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Intrinsic nanofilamentation in resistive switching
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View: Figures


Image of FIG. 1.
FIG. 1.

Current-voltage of a device with metal/insulator/semiconductor structure: Ni/HfO2/SiO2/Si-diode. Note that the reverse current is very low. The inset shows the schematic diagram for RRAM intergration with a Si-subsatrte as selector. The device shows good switching performance after 500 DC cycles (red lines).

Image of FIG. 2.
FIG. 2.

Initial step of nanofilament formation. (a) The device has been stressed to soft breakdown regime at 4 V with a compliance current of 10 μA. (b)&(c) Real time TEM micrographs show no obvious physical change when soft breakdown occurred. The times indicated in the micrographs correspond to 0 and 22 s, respectively. (d) High resolution TEM micrograph of the virgin Ni/HfO2/SiO2/Si structure, with Ni thickness of 100 nm, HfO2 thickness 3.1 nm, and SiO2 0.7 nm. (e) High resolution TEM micrograph of the soft breakdown sample. Si atoms from substrate protrude into the oxide layer forming hillocks, which is known as DBIE (as indicated by white arrows). This was not observed in (b) and (c) due to a lower resolution setting in the real-time TEM analysis.

Image of FIG. 3.
FIG. 3.
Image of FIG. 4.
FIG. 4.

Nanofilament rupture in RESET. (a) The device has been subjected to a constant voltage stress higher than the SET voltage, which was 2.6 V with higher compliance current of 100 μA. Unipolar RESET of the device where the ON/OFF ratio is more than three orders of magnitude. (b) and (c) Real time TEM micrographs showing the morphology of the metal filament. The times indicated in the micrographs correspond to 0 and 5 s, respectively, upon electrical stressing. No changes can be seen in the nano-structural defect. (d) High resolution TEM, (e) HAADF STEM micrographs, (f) EELS mapping, and (g) EDX result of the electrically “switched-off” device shown in (c). The filament has been disconnected between the Ni-based top electrode and the bottom electrode. It was “burned-off” in RESET due to Joule heating. There are still some Ni residuals embedded in the insulator layer. But the fragments are now again an insulator rather than a metal conductor.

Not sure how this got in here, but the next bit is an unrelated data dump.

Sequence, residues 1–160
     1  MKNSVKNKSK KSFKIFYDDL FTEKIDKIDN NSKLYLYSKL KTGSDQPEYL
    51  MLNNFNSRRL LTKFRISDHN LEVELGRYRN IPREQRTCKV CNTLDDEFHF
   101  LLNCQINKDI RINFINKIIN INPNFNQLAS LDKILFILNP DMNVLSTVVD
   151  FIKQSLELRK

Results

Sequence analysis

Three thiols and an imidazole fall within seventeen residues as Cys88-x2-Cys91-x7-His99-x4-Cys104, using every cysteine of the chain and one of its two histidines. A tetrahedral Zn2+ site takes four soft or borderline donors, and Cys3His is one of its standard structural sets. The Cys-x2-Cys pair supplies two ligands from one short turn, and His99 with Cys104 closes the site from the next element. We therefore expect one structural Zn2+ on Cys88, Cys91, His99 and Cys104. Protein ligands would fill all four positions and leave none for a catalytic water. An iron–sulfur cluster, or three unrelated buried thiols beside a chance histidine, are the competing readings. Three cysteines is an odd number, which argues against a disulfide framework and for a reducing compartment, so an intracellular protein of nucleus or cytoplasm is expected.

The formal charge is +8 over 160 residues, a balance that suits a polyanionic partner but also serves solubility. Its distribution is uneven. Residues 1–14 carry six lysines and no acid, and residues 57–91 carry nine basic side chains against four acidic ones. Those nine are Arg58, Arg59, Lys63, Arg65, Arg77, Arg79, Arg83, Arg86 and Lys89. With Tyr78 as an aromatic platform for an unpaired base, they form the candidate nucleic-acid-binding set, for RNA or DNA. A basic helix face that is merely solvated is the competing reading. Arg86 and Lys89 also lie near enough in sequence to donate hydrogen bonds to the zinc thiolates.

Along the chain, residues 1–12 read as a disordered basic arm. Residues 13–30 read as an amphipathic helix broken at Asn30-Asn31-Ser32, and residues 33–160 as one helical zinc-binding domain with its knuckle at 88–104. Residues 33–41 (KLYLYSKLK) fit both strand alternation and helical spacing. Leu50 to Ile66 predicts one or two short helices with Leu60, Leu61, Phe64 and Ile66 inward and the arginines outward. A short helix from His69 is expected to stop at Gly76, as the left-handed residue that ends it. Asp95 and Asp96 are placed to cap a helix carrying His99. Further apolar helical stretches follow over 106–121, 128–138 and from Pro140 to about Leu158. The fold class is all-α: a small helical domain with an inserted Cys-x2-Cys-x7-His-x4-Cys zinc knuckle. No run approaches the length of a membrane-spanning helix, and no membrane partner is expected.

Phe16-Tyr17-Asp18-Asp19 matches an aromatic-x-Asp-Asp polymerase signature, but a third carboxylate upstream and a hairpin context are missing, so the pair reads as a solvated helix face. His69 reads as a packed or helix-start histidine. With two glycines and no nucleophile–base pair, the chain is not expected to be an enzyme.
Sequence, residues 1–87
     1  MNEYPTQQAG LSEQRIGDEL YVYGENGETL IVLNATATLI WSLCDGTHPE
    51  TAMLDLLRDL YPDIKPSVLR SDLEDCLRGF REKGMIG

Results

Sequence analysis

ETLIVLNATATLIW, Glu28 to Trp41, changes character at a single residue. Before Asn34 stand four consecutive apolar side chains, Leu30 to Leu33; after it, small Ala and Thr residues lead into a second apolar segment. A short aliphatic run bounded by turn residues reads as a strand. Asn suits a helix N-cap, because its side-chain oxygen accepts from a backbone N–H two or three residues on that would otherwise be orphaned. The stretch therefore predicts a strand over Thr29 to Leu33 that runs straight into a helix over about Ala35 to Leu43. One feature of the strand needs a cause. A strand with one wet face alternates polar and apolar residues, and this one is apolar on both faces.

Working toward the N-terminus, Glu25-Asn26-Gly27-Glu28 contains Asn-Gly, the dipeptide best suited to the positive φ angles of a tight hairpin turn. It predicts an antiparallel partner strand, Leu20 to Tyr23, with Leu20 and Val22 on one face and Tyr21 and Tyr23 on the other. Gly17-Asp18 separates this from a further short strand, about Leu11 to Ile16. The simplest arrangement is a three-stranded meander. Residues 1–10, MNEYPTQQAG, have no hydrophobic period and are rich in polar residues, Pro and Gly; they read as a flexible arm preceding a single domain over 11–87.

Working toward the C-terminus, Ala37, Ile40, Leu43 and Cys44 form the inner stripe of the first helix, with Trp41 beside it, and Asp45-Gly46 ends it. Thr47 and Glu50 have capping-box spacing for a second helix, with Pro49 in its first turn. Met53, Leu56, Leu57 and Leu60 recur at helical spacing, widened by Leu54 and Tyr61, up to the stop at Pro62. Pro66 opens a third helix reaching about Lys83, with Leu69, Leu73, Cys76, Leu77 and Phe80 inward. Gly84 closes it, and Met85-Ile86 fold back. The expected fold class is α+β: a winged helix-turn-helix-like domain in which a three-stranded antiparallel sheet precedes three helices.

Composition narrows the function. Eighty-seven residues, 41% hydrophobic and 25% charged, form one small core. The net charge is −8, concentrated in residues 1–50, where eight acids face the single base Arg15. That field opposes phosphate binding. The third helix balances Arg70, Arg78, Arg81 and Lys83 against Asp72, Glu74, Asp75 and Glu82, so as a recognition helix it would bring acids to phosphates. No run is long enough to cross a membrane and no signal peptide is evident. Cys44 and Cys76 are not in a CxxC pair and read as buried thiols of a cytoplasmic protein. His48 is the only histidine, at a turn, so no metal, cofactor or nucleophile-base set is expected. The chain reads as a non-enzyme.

Image of FIG. 5.
FIG. 5.

Schematics of the evolution of the metal filament formation and rupture, and represent positive and negative voltage biases, respectively. (a) Pristine state. (b) DBIE forming process upon initial breakdown. (c) SET process, where the metal nanofilament of Ni-rich punches through the oxide and migrates along the 〈111〉 direction in the silicon substrate. (d) and (e) RESET process, where the Ni-rich filament ruptures under Joule heating. The voltage polarity signs “+” and “−” are in lower size to indicate lower voltages.

Image of FIG. 6.
FIG. 6.

Bandgap calculations for HfOxNiy structures. Different stoichiometries are indicated, where (a) x = 2 and y = 0 represent perfect HfO2, (b) x +y = 2 represents SET state, and (c) x + y < 2 represents RESET state. The vertical dashed lines show the top of the valence band Ev and the bottom of the conduction band Ec . The zero of the energy scale corresponds to 0 eV. Sub-bands are labeled. The bandgap value of perfect HfO2 is 4.6 eV calculated by first-principles simulation using GGA + U method. Upon SET, where Ni diffuses into the HfO2, and occupies the oxygen vacancy sites, the bandgap collapses to zero. For the RESET, the bandgap opens a little bit when Ni atoms are dislodged from the oxygen vacancy sites.


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752b84549af89a08dbdd7fdb8b9568b5 journal.articlezxybnytfddd
Scitation: Intrinsic nanofilamentation in resistive switching